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Friday, June 13, 2008

How do I incorporate (form a legal entity)?

By now, I hope that you have made the conscience decision to legally structure your company. Doing so will help to limit your liabilities by providing for protection of your personal assets. It will also help reduce your tax burden and provide for the writing off of expenses with pre-tax dollars.

The ability to file ones’ own paperwork is now tremendously easier thanks to The Internet. Traditionally, you would have had to hire an attorney, legal secretary, or other legal professional to assist you (and you still can if you feel uncertain).

If you want to tackle the job yourself, you can save a few hundred dollars by doing so. The best place to start is with the Secretary of State in your home state. You can also form your corporation in other states that make the process easier; for example, Delaware is known as a corporate haven. From their website: “More than 800,000 business entities have their legal home in Delaware including more than 50% of all U.S. publicly-traded companies and 60% of the Fortune 500.” See the Delaware Secretary’s corporation division at

When checking the Secretary’s website (in any state), bear in mind that the name you have picked out may already be taken, so it’s a good idea to establish your name before printing up letterhead, creating advertisements, etc. The process takes only a few minutes, and most states will immediately issue your state registration number.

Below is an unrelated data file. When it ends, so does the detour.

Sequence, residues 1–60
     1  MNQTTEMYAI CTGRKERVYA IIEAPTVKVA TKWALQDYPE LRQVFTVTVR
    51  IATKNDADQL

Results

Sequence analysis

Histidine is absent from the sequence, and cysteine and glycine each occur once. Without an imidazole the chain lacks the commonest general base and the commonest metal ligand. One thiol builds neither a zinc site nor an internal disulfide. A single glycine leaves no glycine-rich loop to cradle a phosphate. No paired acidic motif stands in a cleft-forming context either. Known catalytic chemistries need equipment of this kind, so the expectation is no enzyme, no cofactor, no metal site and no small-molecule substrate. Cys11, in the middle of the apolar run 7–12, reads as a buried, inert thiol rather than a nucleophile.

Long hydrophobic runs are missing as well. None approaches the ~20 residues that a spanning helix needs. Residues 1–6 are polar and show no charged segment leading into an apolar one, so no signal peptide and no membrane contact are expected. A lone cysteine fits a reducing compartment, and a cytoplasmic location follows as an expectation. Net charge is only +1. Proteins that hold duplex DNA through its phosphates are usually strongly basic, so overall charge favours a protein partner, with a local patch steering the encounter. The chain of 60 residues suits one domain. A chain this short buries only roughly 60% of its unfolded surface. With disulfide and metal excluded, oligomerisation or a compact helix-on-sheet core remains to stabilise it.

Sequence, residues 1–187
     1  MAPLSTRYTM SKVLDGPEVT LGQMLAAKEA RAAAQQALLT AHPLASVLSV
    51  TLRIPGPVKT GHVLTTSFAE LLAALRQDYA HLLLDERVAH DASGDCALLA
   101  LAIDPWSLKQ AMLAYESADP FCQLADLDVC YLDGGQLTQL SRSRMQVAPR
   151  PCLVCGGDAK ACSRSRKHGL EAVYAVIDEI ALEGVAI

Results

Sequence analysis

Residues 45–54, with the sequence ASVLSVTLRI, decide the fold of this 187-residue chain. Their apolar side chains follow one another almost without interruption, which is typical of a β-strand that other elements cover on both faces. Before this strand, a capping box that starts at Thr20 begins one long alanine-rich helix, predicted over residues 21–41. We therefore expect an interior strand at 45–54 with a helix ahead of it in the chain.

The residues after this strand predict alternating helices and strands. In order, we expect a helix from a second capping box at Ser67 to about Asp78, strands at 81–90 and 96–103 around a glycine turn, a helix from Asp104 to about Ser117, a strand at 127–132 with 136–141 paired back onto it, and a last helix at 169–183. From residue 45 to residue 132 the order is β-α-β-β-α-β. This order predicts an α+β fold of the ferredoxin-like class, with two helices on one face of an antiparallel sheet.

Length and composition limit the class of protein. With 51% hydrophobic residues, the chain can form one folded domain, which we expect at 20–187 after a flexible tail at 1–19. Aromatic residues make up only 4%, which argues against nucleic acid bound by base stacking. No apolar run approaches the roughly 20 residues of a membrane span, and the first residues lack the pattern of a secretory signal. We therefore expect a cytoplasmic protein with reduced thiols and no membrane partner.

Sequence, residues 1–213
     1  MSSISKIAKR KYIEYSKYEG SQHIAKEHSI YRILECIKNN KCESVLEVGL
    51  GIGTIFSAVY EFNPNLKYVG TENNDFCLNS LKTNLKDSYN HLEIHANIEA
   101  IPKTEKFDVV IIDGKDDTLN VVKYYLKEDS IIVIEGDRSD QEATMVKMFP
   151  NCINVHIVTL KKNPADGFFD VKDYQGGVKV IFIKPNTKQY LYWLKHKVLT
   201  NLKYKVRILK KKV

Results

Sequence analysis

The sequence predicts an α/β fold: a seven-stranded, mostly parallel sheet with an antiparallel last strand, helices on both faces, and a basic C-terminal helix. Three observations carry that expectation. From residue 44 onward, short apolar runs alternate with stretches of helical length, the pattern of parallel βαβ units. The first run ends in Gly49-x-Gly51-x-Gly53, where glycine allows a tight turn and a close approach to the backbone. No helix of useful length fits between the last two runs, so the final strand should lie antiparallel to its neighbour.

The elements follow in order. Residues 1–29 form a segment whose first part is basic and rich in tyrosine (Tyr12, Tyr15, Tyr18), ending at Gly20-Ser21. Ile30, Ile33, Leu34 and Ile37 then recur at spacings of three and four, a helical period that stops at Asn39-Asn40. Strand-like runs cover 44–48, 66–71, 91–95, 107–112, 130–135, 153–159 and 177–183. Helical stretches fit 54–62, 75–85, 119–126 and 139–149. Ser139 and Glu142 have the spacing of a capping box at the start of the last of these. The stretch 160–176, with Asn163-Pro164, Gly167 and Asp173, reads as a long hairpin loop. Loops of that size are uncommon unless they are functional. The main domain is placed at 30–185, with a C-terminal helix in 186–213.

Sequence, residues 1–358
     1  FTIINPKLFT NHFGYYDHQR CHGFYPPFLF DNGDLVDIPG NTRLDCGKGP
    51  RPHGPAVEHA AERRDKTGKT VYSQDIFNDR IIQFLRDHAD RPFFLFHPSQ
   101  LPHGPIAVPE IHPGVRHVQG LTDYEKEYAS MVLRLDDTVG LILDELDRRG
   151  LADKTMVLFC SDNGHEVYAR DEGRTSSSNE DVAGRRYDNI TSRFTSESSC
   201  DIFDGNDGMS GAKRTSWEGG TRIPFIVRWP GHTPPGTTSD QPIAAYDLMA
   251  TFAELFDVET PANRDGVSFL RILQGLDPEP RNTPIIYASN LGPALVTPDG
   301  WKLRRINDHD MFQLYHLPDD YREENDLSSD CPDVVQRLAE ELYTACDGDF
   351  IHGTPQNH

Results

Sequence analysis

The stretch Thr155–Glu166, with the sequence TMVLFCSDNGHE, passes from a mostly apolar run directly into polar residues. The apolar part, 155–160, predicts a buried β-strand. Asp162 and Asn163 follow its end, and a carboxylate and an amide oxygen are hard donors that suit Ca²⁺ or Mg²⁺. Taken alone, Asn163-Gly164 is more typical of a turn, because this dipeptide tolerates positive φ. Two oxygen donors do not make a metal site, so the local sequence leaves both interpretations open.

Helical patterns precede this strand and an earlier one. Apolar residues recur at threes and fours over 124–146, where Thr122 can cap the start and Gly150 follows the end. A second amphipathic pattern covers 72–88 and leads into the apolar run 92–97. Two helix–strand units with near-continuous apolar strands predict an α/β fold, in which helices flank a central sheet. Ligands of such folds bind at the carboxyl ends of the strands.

The next step is to go to the IRS EIN website and apply for an EIN (Employer Identification Number), which is similar to a Social Security Number, but for the business. Once on this page, click the “APPLY ONLINE NOW” button. You will need this EIN to open a bank account in the name of the corporation.

Other considerations:
You will have to decide which type of corporate structure is best for your business and your tax situation. If you are unsure, check with an accountant or CPA. I have found that for small business, the S-corp or an LLC is best. If you are a sole proprietor, then a single member LLC is a good choice, and allows you to file an extra schedule on your regular 1040 tax form (versus filing both corporate and personal tax forms each year).

If you are still unclear whether or not you can do all of the paperwork yourself, try using as they have a good reputation for assisting business owners through the corporate structuring process.
Good Luck!
JM Kelly, The IT Entrepreneur

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